Why Can’t You Speak Your Language? How This TikToker Is Helping Nigerians Learn Their Mother-Tongue
Abibat Adesanya, a Nigerian TikToker, is helping viewers to connect and appreciate their mother-tongue, Yoruba, by making informative videos about the language and Nigerian culture. In short – she’s helping to dismantle the idea that it’s ever ‘too late’ to get in touch with your roots.
Why can’t you speak your language?” A question that sounds so simple but the answer is usually much more complicated. A question that sometimes fills many – mostly those from the diaspora – with fear of ridicule from friends – or worse, family.
But it seems during the pandemic that plunged millions of people into a series of national lockdowns – some decided to use the period to reconnect with their roots.
Whether that was through self-isolating in their ‘home’ country, getting a DNA or ancestral test or re-learning their language – it appears the break away from the ‘fast-paced life’ sparked something in a lot of people.
Quick to jump on the wave – Abibat has now provided a ‘safe haven’ without ridicule for Nigerians desperate to learn their language or more about their home-land. Not all her ‘students’, who turn to her weekly Tiktoks, are rookies but some are just interested in brushing up their skills.
Her short, snappy and jargon-free tutorial videos started in 2020 when she began her journey into helping fellow Nigerians learn about their culture with ‘finish the lyric’ videos, discussing important cultural habits, and hair care for Black women.
“It’s a very tonal language… I just made one video and it resonated with a lot of people, and I got asked to make more and more and it just took off from there,” she said.
During the pandemic, Abibat says she “didn’t feel very welcome as a Black person” a feeling she also felt when she first moved to England and felt embarrassed to speak her language because of the language shaming that strongly exists in the UK.
At a time when she did not feel connected to the country she lived in, it became refreshing to immerse herself in a culture to which she felt more connected.
“If language shaming is something I can help remove through short 30 second tik-tok videos then why not and [it’s important] for the next generation to have something to connect with,” she said, adding, “I started during the end of the lockdown but I think it did help because people really took time to connect with them-selves more.”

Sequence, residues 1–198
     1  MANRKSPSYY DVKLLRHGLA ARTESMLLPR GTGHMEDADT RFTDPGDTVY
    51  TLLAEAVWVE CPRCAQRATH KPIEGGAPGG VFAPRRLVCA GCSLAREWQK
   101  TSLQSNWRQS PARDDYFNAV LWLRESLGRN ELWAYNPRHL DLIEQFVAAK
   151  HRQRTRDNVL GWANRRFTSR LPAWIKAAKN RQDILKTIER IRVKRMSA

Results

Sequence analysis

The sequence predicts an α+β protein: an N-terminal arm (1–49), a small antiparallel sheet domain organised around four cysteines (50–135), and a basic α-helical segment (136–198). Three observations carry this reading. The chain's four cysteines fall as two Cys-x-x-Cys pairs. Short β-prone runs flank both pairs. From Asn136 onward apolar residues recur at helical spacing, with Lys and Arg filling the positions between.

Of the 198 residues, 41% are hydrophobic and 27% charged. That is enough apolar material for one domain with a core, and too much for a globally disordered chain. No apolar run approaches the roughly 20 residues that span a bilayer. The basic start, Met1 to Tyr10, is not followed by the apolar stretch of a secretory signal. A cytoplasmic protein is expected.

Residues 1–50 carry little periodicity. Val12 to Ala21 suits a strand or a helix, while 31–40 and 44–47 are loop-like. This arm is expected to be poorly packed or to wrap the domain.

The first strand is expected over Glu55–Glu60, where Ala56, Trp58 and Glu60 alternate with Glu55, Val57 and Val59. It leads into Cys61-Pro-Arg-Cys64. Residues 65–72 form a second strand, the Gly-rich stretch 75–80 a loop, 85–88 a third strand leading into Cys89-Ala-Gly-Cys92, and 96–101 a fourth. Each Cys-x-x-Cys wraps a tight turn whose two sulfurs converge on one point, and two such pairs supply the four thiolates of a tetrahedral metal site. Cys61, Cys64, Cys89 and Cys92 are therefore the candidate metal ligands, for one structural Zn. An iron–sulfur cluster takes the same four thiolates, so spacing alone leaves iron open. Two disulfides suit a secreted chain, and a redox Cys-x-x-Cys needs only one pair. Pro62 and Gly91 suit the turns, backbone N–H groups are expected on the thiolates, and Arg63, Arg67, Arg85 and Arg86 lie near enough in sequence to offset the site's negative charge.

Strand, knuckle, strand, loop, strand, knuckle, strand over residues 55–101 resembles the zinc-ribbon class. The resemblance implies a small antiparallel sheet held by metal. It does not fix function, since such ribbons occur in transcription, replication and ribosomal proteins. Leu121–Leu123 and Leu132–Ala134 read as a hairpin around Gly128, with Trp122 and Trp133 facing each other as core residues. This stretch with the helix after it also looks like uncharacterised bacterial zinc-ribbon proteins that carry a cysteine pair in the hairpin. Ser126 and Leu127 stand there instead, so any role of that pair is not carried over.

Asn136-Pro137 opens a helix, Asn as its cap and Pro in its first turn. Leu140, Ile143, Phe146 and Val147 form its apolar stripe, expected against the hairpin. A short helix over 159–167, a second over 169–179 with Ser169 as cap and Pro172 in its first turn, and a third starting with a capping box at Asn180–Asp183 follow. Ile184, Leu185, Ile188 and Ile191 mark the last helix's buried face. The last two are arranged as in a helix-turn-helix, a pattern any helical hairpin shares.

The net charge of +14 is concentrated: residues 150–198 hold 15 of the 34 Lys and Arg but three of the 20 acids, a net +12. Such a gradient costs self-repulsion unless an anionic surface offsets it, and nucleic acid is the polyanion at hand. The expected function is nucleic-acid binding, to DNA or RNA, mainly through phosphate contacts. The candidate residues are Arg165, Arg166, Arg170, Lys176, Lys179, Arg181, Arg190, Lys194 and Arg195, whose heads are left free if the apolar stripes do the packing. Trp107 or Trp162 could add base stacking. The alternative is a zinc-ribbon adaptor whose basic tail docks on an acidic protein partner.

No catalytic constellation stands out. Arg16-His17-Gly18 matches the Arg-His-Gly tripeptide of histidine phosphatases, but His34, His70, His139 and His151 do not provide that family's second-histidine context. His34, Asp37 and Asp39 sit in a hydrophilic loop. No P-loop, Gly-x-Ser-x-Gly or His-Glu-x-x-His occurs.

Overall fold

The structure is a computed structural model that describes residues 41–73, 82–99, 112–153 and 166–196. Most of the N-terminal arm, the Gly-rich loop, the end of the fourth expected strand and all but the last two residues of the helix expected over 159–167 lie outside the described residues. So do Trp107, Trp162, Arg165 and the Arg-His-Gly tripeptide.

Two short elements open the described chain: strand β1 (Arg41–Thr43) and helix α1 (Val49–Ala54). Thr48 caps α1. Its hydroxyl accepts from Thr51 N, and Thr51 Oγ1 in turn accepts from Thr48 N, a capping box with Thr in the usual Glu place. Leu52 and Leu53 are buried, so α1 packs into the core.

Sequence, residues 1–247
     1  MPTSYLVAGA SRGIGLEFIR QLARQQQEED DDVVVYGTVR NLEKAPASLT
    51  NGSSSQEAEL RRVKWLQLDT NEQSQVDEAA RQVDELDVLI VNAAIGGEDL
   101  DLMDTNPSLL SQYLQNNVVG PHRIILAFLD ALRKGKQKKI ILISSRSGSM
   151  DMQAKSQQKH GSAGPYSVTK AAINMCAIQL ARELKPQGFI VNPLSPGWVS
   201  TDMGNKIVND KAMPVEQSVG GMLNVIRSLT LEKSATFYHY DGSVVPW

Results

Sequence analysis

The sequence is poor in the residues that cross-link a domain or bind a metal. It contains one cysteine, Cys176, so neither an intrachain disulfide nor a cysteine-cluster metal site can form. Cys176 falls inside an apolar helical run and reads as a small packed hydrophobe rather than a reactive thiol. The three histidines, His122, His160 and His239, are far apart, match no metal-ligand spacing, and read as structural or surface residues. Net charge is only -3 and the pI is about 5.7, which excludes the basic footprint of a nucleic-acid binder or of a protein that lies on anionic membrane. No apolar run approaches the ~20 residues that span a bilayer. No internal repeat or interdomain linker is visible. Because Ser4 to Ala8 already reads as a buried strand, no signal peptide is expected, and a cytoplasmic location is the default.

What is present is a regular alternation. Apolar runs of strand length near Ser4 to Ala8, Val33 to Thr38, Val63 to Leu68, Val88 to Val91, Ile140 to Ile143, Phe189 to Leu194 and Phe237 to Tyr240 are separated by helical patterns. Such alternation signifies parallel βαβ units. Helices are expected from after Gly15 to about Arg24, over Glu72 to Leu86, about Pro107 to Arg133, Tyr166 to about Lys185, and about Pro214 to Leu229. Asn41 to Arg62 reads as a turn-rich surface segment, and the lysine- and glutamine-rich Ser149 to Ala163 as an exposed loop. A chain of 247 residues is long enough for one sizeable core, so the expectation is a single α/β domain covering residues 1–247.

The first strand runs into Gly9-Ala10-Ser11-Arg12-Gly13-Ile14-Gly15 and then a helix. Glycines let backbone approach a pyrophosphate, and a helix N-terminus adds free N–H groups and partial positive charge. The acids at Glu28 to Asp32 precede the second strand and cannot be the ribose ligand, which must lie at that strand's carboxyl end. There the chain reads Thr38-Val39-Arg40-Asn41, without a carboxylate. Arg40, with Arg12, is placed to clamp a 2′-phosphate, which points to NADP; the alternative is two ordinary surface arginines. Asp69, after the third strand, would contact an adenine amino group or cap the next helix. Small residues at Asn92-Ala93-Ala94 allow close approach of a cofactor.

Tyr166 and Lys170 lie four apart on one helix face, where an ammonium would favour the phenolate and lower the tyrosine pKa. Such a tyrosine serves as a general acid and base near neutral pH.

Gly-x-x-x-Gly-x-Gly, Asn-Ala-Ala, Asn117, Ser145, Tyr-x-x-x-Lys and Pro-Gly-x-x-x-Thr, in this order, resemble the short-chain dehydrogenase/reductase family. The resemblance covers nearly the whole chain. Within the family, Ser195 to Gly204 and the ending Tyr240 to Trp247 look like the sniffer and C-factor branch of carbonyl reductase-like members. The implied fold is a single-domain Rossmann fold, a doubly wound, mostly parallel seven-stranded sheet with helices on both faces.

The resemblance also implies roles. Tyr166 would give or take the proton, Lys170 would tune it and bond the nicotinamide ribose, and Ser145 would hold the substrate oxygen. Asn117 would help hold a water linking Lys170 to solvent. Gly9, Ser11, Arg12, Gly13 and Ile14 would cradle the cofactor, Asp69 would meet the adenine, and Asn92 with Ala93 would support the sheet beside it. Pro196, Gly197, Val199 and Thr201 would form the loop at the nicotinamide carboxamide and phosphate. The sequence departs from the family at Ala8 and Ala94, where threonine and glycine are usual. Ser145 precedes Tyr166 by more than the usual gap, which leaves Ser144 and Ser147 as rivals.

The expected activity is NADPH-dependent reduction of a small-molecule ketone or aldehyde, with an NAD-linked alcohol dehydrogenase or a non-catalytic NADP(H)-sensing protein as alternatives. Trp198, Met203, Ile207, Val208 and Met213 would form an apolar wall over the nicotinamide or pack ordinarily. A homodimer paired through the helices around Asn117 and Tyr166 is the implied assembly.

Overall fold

“I speak Yoruba…and I know a lot of people who couldn’t speak it and the pandemic allowed everyone to take a more slow-paced approach to life and things that matter to them [like re-learning their language.]
“So I definitely think it [lockdown] had a massive impact.”
Many Nigerians are gaining the confidence to fully be at one with their own culture and roots but they aren’t the only ones.
Arnold Senoga, a 27-year-old project manager from London told Huffington Post “I always understood Luganda because my parents would only speak Luganda to each other still to this day,” he says. “But they never forced us to reply back in Luganda.”
Now he has been teaching himself Luganda for a year on and off . He’s been helped by the Ugandan community on Clubhouse. “There are some aunties in the community who wrote their own books, so I’ve bought them and have been trying to learn through them,” he added.
While Sade Oludoyi found her Yoruba teacher through an online network called Black Young Professional (BYP). She’s been doing lessons since February 2021.
“I opted for one to one lessons so I can learn at my own pace and ask questions freely,” she says. “My teacher has become like a friend and we banter and I send him videos for him to translate,” she told HP..
It seems apps like Clubhouse, Tiktok and various online communities have become the saving grace for those looking to re-connect and re-learn.
Originally published by Michelle Kennedy’s Awallprintss with permission to re-distribute.